Regulators Reconsidering Insurer Relief

By David S. Hilzenrath
Washington Post Staff Writer
Saturday, February 7, 2009

Insurance regulators from across the country were scrambling yesterday to address a growing threat to insurance companies and the consumers who depend on them.

As the industry's financial condition deteriorates, many companies have asked their home-state regulators for permission to change the way they measure and report their financial strength. Some regulators have expressed a willingness to grant it.

The requests have been pouring in since the National Association of Insurance Commissioners last week rejected the insurance lobby's plea for blanket relief.

The public faces the chaotic prospect that insurance companies could be allowed to operate by different rules, and that rules meant to protect their financial stability could diverge sharply from state to state.

The situation is shaping up as a major challenge to the industry's system of regulation, which is controlled at the state level.

The Consumer Federation of America and the Center for Economic Justice, an advocacy group for poor and minority consumers, yesterday told regulators that granting relief on a case-by-case basis could amount to regulators "anointing winners and losers" and could reward companies that managed their finances poorly at the expense of more successful competitors.

Without objective criteria for granting relief, awarding it on a case-by-case basis "amounts to a political favor" by home-state regulators, according to an e-mail to regulators written by Robert Hunter of the Consumer Federation and Birny Birnbaum of the Center for Economic Justice.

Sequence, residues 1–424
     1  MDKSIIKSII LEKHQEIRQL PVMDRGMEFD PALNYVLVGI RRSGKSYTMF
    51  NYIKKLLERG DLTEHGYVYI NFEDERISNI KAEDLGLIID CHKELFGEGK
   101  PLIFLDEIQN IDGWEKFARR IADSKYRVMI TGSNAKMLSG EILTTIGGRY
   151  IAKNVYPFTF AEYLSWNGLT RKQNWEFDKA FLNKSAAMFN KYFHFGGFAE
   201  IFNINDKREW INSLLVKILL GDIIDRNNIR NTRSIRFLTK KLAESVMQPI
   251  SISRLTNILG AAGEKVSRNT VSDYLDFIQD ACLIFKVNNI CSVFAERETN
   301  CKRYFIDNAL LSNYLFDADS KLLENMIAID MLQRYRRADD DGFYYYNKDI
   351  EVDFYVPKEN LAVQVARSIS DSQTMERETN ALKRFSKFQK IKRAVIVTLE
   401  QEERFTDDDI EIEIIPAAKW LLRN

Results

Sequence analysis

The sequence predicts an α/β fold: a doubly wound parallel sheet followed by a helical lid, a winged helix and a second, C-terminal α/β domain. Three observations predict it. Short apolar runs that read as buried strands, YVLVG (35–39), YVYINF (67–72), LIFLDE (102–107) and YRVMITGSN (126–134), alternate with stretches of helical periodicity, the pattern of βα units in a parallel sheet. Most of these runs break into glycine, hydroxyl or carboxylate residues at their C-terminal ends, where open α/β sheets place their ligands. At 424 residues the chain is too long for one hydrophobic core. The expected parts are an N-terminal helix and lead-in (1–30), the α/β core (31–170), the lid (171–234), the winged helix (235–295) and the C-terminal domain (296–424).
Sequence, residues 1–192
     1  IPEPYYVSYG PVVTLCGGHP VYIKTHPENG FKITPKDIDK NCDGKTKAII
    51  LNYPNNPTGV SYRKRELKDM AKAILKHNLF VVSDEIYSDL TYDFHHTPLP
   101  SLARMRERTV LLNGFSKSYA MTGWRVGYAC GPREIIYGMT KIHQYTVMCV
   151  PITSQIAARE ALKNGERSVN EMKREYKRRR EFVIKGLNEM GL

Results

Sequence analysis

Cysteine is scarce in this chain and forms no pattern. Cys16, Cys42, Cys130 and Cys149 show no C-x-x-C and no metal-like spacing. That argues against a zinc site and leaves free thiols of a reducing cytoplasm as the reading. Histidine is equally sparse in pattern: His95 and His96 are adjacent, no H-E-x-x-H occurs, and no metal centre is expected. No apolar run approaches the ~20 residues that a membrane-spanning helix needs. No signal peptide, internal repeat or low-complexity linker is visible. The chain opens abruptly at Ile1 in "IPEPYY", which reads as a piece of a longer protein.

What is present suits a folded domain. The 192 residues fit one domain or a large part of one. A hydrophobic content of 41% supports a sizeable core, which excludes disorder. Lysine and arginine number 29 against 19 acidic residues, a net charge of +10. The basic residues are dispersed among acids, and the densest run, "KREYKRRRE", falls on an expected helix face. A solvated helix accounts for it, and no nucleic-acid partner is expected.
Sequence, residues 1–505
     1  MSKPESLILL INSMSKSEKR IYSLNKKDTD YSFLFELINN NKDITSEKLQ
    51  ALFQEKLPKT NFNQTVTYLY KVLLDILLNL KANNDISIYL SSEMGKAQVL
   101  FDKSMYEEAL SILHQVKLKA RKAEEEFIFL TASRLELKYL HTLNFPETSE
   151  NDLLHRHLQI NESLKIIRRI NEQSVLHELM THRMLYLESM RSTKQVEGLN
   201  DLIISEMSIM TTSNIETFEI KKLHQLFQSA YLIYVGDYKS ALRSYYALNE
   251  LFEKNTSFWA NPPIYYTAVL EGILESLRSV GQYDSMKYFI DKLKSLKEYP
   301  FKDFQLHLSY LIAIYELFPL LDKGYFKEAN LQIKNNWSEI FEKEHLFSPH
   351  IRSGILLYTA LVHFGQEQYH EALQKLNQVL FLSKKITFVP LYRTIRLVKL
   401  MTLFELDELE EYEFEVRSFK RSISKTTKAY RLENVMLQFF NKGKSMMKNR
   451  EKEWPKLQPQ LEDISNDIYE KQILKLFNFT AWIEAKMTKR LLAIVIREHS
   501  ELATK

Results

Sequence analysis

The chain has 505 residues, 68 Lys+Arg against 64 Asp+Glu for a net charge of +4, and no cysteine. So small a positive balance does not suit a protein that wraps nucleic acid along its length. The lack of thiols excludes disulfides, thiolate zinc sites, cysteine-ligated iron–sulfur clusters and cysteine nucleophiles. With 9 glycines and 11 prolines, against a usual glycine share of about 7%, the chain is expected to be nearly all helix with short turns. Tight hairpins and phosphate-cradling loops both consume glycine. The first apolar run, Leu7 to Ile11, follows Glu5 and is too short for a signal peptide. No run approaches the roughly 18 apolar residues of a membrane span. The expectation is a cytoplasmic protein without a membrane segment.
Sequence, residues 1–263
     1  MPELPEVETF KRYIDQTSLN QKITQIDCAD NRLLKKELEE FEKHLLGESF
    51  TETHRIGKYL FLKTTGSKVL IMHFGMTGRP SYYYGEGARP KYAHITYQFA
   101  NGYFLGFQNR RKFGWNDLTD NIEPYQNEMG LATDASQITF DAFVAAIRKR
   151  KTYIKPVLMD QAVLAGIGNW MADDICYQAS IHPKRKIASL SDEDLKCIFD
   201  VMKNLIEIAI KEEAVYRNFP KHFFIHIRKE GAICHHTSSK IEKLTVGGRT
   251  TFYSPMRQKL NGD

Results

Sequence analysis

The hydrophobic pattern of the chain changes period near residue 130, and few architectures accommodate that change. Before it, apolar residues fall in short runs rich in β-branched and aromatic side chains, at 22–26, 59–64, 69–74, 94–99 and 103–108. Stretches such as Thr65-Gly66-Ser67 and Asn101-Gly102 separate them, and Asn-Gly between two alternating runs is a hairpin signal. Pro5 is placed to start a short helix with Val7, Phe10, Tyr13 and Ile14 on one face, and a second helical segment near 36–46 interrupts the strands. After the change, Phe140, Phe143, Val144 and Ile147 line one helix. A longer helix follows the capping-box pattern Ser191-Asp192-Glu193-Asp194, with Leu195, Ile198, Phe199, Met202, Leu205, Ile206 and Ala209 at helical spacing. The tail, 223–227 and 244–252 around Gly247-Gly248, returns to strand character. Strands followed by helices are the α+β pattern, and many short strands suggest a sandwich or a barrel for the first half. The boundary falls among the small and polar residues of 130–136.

The stakes are high. One big insurer, Allstate, disclosed last week that changes in the way it keeps its books generated an additional $712 million of reported capital.

After a closed conference call yesterday, NAIC held a briefing in which some regulators said that states have always had the power to grant dispensations, and that such exceptions to the rules serve a useful purpose.

"Most of the time it's going to be because the company is troubled in some part of its operation, financially troubled," Pennsylvania Insurance Commissioner Joel Ario said.

"A good financial regulatory system has to deal with the individual circumstances of individual companies," he said.

With its condition deteriorating, the insurance industry has argued that some companies could be forced to shore up their financial strength on highly unfavorable terms unless regulators ease standards governing the amount of capital and reserves they must maintain. The standards are meant to ensure that companies have the ability to cope with unexpected problems while keeping their promises to policyholders.

CONTINUED     1        >

© 2009 The Washington Post Company